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Related to agamete: Amanita, apatite


 (ā-găm′ēt′, ā′gə-mēt′)
An asexual reproductive cell, such as a spore.

[From Greek agametos, unmarried, variant of agamos; see agamic.]
American Heritage® Dictionary of the English Language, Fifth Edition. Copyright © 2016 by Houghton Mifflin Harcourt Publishing Company. Published by Houghton Mifflin Harcourt Publishing Company. All rights reserved.


(Microbiology) a reproductive cell, such as the merozoite of some protozoans, that develops into a new form without fertilization
[C19: from Greek agametos unmarried; see a-1, gamete]
Collins English Dictionary – Complete and Unabridged, 12th Edition 2014 © HarperCollins Publishers 1991, 1994, 1998, 2000, 2003, 2006, 2007, 2009, 2011, 2014


(eɪˈgæm it, ˌeɪ gəˈmit)

an asexual reproductive cell, as a spore, that forms a new organism without fusion with another cell.
[1915–20; < Greek agámetos unmarried =a- a-6 + -gametos married]
Random House Kernerman Webster's College Dictionary, © 2010 K Dictionaries Ltd. Copyright 2005, 1997, 1991 by Random House, Inc. All rights reserved.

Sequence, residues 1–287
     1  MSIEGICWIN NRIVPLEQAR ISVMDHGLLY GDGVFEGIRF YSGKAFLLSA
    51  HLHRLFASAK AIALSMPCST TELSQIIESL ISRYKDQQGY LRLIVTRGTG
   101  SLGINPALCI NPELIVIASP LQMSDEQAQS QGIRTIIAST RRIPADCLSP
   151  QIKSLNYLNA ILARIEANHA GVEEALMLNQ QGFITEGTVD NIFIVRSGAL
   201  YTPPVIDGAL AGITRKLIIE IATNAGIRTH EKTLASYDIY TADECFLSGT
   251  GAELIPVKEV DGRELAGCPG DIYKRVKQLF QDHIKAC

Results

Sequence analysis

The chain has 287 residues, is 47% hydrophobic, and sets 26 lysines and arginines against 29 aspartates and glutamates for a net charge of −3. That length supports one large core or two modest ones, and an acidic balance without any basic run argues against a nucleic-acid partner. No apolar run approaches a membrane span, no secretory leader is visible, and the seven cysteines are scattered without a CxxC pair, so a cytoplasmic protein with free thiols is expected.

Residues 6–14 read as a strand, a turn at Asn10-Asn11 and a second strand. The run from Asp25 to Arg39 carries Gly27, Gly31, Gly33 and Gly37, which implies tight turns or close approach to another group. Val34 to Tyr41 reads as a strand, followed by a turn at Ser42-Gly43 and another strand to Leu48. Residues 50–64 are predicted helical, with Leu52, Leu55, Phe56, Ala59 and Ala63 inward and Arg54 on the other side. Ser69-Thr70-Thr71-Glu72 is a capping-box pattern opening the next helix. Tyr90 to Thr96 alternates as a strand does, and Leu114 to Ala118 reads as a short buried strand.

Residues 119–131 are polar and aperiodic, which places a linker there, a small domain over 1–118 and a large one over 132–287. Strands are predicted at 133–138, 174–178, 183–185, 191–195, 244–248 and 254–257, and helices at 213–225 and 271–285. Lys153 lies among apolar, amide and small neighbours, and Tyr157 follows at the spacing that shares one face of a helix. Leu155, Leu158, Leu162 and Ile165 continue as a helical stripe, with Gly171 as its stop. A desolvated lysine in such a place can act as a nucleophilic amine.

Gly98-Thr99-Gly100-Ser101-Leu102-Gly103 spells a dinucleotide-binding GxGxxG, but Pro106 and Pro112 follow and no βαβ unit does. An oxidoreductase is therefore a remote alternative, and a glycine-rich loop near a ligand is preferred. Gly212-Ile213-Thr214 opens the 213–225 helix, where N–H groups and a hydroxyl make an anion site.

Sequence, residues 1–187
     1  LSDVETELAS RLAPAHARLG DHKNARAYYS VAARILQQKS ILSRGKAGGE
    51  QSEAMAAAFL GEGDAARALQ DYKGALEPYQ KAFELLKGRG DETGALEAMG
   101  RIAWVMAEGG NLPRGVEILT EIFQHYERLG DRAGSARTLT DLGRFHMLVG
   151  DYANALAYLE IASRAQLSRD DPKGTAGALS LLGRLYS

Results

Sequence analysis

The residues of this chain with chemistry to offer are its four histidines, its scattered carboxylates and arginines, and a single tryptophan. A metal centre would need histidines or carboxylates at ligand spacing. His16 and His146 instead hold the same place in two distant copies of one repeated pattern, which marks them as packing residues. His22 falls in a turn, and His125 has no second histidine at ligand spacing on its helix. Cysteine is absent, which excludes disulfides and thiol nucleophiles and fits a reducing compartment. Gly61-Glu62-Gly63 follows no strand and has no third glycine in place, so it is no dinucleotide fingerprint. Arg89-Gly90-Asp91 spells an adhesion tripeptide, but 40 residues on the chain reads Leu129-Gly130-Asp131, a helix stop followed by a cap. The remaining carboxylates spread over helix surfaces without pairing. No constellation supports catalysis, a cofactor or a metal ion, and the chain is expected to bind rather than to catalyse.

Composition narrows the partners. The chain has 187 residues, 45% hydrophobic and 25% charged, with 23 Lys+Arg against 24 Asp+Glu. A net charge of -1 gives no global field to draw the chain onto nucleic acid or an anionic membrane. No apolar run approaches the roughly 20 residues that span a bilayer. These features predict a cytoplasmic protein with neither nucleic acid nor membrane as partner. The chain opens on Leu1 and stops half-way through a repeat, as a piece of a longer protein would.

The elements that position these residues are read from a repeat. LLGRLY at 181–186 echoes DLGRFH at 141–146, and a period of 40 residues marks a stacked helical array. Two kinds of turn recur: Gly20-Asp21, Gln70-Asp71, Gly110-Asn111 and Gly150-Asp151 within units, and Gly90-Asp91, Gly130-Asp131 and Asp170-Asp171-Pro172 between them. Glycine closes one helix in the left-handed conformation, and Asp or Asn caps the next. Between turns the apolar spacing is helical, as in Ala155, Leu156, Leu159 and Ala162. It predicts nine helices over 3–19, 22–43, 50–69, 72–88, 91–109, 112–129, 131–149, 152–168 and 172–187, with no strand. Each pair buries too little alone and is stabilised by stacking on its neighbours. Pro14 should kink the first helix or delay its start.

ThesaurusAntonymsRelated WordsSynonymsLegend:
Noun1.agamete - an asexual reproductive cell
spore - a small usually single-celled asexual reproductive body produced by many nonflowering plants and fungi and some bacteria and protozoans and that are capable of developing into a new individual without sexual fusion; "a sexual spore is formed after the fusion of gametes"
reproductive structure - the parts of a plant involved in its reproduction
Based on WordNet 3.0, Farlex clipart collection. © 2003-2012 Princeton University, Farlex Inc.
References in periodicals archive ?
Dicyemids produce two distinct types of embryos: vermiform embryos from an asexual agamete and infusoriform embryos from fertilized eggs (Furuya et al., 1996).
In the Dicyemida, two adult forms, the nematogen and the rhombogen, develop asexually from an agamete (axoblast) through a vermiform embryo within the axial cell of parent nematogens (Fig.
The large anterior cell, [5a.sup.1], undergoes no further divisions and becomes the axial cell, while the smaller posterior cell, [5a.sup.2], is incorporated into the axial cell and becomes an agamete (Fig.